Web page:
The school site is shown on the 1920 map below.
A detailed account of the school was published in 1882, an abridged version of which is reproduced below:
In 1911, there were 164 inmates at the school, with 7 boys out on licence. The superintendent was now Mr James Collins, assisted by four schoolmasters, bandmaster, manual instructor, tailor, shoemaker, carpenter, land steward, cook, and laundress.
On 9 June 1922, part of the school premises were certified for use as a Reformatory for Roman Catholic boys who had been convicted of a criminal offence.
Following the Children and Young Persons (Northern Ireland) Act of 1950, the St Patrick's became an Approved School, one of the new institutions introduced to replace the existing system of Reformatories and Industrial Schools. The school now accommodated up to 30 Senior Boys, aged from 12 to 16 years at their date of admission, and 150 Junior Boys, aged from 6 to 16 years.
In 1957, St Patrick's moved to purpose-built premises on a site of 100 acres at Glen Road in West Belfast, where it was known as St Patrick's Training School. It continued its dual role of receiving both children who were placed through the juvenile justice system and those who were in need of care and protection. It was run by the De La Salle Brothers.
The school closed in around and was replaced by the Glenmona Resource Centre. The Glen Road site is now occupied by St Mary's Grammar School.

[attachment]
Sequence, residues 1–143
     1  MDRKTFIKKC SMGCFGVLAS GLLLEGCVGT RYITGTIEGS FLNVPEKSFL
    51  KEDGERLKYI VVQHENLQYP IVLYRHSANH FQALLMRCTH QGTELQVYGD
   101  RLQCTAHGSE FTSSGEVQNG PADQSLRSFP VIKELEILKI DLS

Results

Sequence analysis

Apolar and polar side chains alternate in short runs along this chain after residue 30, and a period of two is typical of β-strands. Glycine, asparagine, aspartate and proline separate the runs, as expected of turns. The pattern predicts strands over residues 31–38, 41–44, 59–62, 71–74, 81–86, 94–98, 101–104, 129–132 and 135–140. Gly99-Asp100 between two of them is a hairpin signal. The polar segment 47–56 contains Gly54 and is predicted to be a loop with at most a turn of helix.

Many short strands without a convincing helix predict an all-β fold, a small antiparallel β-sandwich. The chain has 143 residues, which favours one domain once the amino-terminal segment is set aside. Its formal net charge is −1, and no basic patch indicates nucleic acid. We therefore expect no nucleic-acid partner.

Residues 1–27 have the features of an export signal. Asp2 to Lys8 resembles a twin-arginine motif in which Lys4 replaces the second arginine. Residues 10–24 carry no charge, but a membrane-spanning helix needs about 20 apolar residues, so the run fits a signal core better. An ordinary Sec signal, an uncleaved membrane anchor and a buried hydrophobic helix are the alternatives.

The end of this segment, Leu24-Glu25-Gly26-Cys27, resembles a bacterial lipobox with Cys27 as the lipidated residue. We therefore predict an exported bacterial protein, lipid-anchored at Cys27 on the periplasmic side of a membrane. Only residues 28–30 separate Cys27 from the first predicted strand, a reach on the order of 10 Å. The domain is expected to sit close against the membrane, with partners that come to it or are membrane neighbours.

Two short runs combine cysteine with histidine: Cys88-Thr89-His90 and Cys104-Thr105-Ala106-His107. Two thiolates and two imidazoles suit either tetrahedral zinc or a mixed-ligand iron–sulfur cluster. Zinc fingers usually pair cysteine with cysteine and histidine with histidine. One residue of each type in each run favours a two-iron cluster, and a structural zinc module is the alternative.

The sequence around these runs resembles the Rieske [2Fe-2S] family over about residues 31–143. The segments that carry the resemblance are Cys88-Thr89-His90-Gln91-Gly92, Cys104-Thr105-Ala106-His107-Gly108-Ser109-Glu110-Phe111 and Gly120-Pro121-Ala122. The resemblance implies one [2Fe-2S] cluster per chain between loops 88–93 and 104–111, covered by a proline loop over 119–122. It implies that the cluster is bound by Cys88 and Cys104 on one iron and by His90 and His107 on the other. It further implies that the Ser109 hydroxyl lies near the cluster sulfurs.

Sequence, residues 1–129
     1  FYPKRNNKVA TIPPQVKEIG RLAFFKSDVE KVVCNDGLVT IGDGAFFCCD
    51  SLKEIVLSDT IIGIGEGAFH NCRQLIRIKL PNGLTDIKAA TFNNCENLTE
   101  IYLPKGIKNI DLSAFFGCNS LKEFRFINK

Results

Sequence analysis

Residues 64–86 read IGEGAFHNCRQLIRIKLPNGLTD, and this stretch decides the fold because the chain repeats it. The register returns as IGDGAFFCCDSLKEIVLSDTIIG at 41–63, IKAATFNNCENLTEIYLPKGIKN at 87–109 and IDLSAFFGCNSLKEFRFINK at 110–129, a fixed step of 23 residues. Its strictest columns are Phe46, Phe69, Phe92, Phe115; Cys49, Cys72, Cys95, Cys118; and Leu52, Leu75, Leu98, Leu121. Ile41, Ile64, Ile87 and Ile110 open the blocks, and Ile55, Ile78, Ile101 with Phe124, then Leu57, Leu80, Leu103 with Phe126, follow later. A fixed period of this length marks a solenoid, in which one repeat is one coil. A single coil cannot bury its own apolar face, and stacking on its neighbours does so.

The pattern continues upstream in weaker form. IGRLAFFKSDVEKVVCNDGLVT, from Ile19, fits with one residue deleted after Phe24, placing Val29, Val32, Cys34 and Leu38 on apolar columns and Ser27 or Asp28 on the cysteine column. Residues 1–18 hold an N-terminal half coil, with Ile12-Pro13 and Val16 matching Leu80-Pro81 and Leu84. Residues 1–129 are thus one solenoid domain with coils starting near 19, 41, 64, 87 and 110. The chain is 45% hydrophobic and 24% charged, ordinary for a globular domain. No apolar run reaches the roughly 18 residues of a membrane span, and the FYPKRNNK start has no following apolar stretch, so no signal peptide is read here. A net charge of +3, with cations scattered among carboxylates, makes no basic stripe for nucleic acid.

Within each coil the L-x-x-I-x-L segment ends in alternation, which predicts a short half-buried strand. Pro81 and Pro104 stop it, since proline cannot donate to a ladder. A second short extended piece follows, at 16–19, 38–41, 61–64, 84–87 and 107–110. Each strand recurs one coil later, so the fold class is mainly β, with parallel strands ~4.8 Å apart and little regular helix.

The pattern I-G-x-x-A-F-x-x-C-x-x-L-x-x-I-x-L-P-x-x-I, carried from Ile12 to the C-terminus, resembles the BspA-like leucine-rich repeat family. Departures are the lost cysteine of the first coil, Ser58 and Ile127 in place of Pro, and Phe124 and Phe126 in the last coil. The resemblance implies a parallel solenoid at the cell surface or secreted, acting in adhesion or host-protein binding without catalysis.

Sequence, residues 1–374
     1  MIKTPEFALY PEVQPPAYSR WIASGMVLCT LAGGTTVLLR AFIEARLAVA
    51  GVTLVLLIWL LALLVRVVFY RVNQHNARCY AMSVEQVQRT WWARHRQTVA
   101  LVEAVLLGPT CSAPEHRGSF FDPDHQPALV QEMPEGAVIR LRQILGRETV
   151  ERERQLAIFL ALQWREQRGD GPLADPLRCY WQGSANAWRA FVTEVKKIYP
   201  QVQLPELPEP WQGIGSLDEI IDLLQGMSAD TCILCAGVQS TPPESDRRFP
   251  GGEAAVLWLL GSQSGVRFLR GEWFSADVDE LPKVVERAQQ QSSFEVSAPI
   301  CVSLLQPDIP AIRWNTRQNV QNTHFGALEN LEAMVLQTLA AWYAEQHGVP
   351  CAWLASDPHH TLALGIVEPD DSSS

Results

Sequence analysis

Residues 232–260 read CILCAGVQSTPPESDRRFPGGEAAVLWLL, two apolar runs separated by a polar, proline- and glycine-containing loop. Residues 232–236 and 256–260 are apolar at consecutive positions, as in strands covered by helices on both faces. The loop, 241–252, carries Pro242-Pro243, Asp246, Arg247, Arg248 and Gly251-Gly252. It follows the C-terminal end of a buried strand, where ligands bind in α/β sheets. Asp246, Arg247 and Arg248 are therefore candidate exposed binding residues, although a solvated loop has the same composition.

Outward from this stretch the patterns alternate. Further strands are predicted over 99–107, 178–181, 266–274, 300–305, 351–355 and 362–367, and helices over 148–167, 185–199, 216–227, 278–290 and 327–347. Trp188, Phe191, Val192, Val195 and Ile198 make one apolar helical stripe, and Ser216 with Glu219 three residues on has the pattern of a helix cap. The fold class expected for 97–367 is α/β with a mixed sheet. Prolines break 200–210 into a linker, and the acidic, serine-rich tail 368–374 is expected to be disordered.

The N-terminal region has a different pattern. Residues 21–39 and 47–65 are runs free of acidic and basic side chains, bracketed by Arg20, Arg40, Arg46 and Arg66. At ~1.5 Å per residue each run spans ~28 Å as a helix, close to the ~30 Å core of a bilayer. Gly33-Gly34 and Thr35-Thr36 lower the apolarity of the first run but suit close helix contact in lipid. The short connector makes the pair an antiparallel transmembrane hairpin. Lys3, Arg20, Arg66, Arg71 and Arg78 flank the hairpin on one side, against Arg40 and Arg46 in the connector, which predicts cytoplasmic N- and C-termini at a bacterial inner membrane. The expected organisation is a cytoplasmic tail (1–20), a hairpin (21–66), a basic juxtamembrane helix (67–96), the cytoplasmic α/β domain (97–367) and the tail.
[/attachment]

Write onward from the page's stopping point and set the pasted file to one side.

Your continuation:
St Patrick's featured prominently in Ireland's Historical Institutional Abuse Inquiry where it emerged that sexual abuse of children at the institution had taken place as early as 1942. In 1994, a former member of staff at the school was convicted of the sexual abuse of boys during the period 1975-1979.
Note: many repositories impose a closure period of up to 100 years for records identifying individuals. Before travelling a long distance, always check that the records you want to consult will be available.
- Public Record Office of Northern Ireland, 2 Titanic Boulevard, Titanic Quarter, Belfast BT3 9HQ. Has Annual reports (1922-47); General correspondence (1949-53).
- Arnold, Mavis, and Laskey, Heather Children of the Poor Clares (2004, Appletree Press)
- Barnes, Jane Irish Industrial Schools 1868-1908 (1989, Irish Academic Press)
- Dunne, Joe The Stolen Child: A Memoir (2003, Marion Books)
- Rafferty, Mary and O'Sullivan, Eoin Suffer the Little Children: The Inside Story of Ireland's Industrial Schools (1999, New Island Books)
- Touher, Patrick Fear of the Collar: Artane Industrial School — My Extraordinary Childhood (1991, O'Brien Press)
- Tyrrell, Peter and Whelan, Diarmuid Founded on Fear: Letterfrack Industrial School (2006, Irish Academic Press)
- Wall, Tom The Boy from Glin Industrial School (2015, Tom Wall)
- Glencree Reconciliation Centre (former Reformatory site)
- The Commission to Inquire into Child Abuse
- Historical Institutional Abuse Inquiry